I saw the recent posts about orange/red sagrei and I thought I might contribute another observation of orange-colored brown anoles. A few years ago while assisting another grad student with his dissertation work I spotted a few orange-colored brown anoles in a suburban yard in S. Florida. What I thought was most interesting about the observation was that: 1) there were multiple males (2-3) with orange color, and 2) many of the palms on which lizards were perched were a similar orange color. It got me thinking that it could be more than a coincidence.
The orange color on the trees, sidewalks, and other hard substrates in the area is from ground water with a high concentration of iron. When sprayed on the surface with sprinklers it mixes with oxygen and leaves an orange color. Many houses, signs, sidewalks, and even cars in S. Florida are graced with an arc or two of orange residue. I’ve yet to revisit this lawn or surrounding houses, but I bet there are quite a few more houses with orange lizards. For what it’s worth, I see and catch a lot of brown anoles further south in the Miami area and this is the only case of red/orange brown anoles I’ve seen yet. It’s possible that these lizards were covered in rust, but it didn’t look like it when I got one in my hand. It’s also interesting that all of the photos I’ve seen of orange-colored brown anoles are male, however I’ve only seen about 4 cases including this observation. Oh, and the dewlaps on these males were normal(ish), not like the cool one recently posted by Joe Burgess.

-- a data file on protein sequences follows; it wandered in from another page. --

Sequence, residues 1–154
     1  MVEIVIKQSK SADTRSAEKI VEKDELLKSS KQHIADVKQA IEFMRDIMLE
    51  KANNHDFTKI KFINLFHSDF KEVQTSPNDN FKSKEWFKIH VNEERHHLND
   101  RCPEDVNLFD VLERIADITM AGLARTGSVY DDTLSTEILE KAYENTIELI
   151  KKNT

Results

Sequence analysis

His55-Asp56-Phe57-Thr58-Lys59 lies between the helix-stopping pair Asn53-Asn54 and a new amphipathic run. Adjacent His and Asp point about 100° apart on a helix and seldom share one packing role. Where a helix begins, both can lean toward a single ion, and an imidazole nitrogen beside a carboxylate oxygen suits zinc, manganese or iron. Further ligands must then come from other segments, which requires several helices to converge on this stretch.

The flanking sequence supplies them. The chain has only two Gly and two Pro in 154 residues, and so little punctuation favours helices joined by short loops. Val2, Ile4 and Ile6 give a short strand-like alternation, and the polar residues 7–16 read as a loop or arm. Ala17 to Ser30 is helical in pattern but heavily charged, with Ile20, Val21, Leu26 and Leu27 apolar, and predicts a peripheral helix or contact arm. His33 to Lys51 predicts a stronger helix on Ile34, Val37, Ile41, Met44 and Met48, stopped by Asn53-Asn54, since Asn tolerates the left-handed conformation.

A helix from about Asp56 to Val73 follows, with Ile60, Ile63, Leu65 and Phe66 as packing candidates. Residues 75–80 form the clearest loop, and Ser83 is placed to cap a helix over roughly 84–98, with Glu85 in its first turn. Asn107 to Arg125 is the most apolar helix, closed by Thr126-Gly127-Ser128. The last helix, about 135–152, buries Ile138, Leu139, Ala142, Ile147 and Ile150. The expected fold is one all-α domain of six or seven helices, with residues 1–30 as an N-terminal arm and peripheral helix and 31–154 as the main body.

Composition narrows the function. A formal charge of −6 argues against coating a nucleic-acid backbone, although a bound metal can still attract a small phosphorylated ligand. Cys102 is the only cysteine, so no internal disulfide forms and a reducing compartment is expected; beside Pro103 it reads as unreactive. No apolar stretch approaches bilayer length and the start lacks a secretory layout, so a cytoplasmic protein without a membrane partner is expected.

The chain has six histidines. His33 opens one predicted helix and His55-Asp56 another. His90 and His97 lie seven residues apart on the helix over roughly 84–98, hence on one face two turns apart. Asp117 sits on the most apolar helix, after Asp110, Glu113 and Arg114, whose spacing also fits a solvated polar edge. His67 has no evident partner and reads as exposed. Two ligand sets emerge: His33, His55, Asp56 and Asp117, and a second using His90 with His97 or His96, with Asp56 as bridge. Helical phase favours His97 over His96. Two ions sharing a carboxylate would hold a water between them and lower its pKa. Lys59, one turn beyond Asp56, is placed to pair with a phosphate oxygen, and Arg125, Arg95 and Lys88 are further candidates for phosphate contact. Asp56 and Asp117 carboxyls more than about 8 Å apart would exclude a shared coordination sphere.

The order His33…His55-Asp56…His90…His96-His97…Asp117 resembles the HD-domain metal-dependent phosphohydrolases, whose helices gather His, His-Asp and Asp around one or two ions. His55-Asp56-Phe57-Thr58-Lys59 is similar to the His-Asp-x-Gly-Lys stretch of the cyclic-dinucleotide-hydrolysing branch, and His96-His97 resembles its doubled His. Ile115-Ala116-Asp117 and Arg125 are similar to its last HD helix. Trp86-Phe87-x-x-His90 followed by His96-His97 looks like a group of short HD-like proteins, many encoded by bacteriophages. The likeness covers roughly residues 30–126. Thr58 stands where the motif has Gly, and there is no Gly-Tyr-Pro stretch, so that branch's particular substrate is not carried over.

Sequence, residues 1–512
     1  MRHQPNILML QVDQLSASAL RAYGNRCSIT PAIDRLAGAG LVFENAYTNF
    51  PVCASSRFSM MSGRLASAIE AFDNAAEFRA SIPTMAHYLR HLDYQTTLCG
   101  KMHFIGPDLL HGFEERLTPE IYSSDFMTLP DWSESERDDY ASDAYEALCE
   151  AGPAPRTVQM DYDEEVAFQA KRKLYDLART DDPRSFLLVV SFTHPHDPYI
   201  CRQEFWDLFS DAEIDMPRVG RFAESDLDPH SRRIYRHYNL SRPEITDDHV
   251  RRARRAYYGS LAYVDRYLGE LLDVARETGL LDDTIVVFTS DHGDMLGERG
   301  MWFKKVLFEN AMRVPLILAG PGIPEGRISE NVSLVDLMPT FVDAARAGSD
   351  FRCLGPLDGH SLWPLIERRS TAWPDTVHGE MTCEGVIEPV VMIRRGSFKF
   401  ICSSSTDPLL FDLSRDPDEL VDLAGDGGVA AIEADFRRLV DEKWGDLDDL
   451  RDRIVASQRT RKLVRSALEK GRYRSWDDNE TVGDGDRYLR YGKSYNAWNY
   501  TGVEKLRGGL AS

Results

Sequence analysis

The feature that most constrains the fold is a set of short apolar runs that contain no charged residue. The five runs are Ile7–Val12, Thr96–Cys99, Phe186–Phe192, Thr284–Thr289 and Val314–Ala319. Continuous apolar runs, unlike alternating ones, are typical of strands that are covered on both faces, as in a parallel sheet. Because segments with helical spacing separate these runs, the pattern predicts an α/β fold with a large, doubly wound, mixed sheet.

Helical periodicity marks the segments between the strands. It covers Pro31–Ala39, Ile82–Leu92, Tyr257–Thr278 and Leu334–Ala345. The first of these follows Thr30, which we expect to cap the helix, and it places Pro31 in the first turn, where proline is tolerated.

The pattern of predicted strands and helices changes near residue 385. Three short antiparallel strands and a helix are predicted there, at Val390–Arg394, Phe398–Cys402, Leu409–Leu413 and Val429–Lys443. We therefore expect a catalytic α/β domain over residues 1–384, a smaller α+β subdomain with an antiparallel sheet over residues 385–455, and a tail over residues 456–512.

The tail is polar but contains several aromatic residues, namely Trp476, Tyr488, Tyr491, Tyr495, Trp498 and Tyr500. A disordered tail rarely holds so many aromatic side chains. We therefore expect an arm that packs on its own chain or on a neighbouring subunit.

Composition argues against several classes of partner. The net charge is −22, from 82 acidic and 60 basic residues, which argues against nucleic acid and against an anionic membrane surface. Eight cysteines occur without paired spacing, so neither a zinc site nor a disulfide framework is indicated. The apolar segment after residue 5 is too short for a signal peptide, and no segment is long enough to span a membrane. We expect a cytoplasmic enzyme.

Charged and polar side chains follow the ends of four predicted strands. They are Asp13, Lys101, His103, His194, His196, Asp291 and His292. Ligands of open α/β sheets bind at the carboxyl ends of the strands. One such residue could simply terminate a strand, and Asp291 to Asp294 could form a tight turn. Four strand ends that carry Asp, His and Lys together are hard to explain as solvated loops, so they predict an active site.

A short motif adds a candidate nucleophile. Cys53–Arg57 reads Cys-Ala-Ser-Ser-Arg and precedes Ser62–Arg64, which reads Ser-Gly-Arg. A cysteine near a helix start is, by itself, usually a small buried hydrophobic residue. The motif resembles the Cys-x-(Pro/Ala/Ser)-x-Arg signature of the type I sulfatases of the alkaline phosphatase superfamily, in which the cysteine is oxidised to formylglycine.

Very interesting, though the lizards may be covered in rust…are they at all harmed?
Maybe the sex of the unhatched eggs are determined by the iron concentration on the environment.
I saw an orange anole of this type today in Ft. Lauderdale by my office building. It was the first I’ve ever seen of this color in the area. The location is just off of the Cypress Creek exit (West) from 95 southbound in case you were interested. As you noted the anole didn’t seem to be covered in rust, but had rusty-orange colored skin. Perhaps a local environmental adaptation?
I live in SW FL for several years and have only had brown anoles and few green ones. This past year we have had a population explosion of red/orange anoles. Both male and female are colored as such. They really stand out in the garden. We do not have the high iron content in our sprinkler water here.
It would appear we have ourselves a new color morph; I have a couple of really good shots of an orange Anolis sagrei as well. These are definitely not ferrous-influenced colors either.
From Sunrise, Florida.
Threw it on photobucket…
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